Violence a Thing of the Past at Juneteenth

June 16, 2013 Updated Jun 16, 2013 at 11:20 PM EDT

By Allen Leight

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June 16, 2013 Updated Jun 16, 2013 at 11:20 PM EDT

BUFFALO, NY (WKBW) - It's a celebration of African history and culture and of an end to slavery in America.

"When they come to this festival, you get to see such a wide range of different things. You get to hear the drums, you get to see so many different things. Not only that, just so many of our people come together," said Kay Taylor, Chair of Arts and Culture for the Juneteenth Festival.

"This is the 3rd largest festival in America, the Juneteenth festival here. It is that way because all of the cultural communities, all the different communities work together to show the world what's special about Buffalo," added Ras Jomo Akono, Executive VP for the festival.

But in years past, visitors to the Juneteenth Festival became used to experiencing something else.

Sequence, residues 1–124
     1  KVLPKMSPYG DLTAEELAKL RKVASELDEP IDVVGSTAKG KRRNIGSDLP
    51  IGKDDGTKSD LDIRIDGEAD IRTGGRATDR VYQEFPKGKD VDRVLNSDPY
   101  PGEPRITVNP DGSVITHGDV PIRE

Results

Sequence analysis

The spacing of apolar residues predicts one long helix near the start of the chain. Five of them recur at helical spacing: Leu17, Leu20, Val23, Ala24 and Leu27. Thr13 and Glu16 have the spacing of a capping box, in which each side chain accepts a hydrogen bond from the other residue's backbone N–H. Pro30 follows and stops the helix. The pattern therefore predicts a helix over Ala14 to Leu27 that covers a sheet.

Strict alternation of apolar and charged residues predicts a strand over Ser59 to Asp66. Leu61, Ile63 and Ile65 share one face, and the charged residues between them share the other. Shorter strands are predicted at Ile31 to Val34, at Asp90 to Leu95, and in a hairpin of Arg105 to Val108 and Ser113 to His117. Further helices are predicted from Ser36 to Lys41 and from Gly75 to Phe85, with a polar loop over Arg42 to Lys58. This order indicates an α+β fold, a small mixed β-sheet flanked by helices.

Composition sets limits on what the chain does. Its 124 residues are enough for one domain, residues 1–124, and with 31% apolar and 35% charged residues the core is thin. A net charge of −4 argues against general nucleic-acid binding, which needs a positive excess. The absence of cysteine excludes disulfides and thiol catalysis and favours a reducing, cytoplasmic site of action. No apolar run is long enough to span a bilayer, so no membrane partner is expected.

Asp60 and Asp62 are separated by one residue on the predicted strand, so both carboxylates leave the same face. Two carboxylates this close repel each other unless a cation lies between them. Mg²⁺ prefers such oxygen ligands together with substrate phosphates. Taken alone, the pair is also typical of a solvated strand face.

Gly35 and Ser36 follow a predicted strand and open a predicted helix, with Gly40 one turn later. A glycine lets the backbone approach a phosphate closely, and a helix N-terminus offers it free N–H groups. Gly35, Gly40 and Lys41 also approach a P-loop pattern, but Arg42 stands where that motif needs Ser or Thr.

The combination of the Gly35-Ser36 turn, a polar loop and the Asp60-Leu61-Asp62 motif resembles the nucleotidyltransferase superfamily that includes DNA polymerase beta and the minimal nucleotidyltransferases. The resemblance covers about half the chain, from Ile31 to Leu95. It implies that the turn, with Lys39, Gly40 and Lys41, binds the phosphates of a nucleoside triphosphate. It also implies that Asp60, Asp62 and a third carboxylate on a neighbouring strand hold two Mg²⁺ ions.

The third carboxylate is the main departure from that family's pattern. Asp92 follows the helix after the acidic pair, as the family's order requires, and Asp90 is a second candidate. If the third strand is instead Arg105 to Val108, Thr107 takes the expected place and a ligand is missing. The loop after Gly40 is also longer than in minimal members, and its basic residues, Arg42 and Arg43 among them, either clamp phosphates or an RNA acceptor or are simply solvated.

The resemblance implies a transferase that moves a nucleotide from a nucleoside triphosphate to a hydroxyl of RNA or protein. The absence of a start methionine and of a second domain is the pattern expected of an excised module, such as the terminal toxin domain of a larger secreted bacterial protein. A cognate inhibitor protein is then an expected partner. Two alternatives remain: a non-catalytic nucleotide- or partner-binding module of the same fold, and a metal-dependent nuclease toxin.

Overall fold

Violence.

"That has changed. The mindset has changed for our community to make this one of the safest events in the nation," says Murray Holman of Stop the Violence Coalition.

The history of violence at the festival has become just that. History. Without any incident of violence in the past five years.

So how has one of the largest Juneteenth celebrations in the world, being celebrated in what Forbes ranked one of the top 10 most dangerous cities in America, manage to get turned around? Organizers say it's the people in the community.

"People are tired. We're not going to let the riff-raff, like Channel 7 used to say, we're not letting pistol-packing punks come and take over," said Holman

And for those who attended the festival for the first time, it shows.

"Very good police presence. Everyone has been very friendly, very great. It's been really, really nice, a great time. I definitely will make it a point to come back again," said Victoria King, who made the trip from Rochester.

But reality and perception are two different things and festival leaders are working hard to convince the public that it's a safe place to be.

"These stigmas don't have anything to do with reality. You have to see it for yourself. Women and children, people are here. They are coming from all over," says Akono.

And on this Father's day, community leaders are calling on the men to continue the positive change and to make sure the peace continues.

"We need more men to be able to step-up and take the responsibility for their young men, for their children. It starts at home," says Lamont Thomas from Greater Refuge Temple.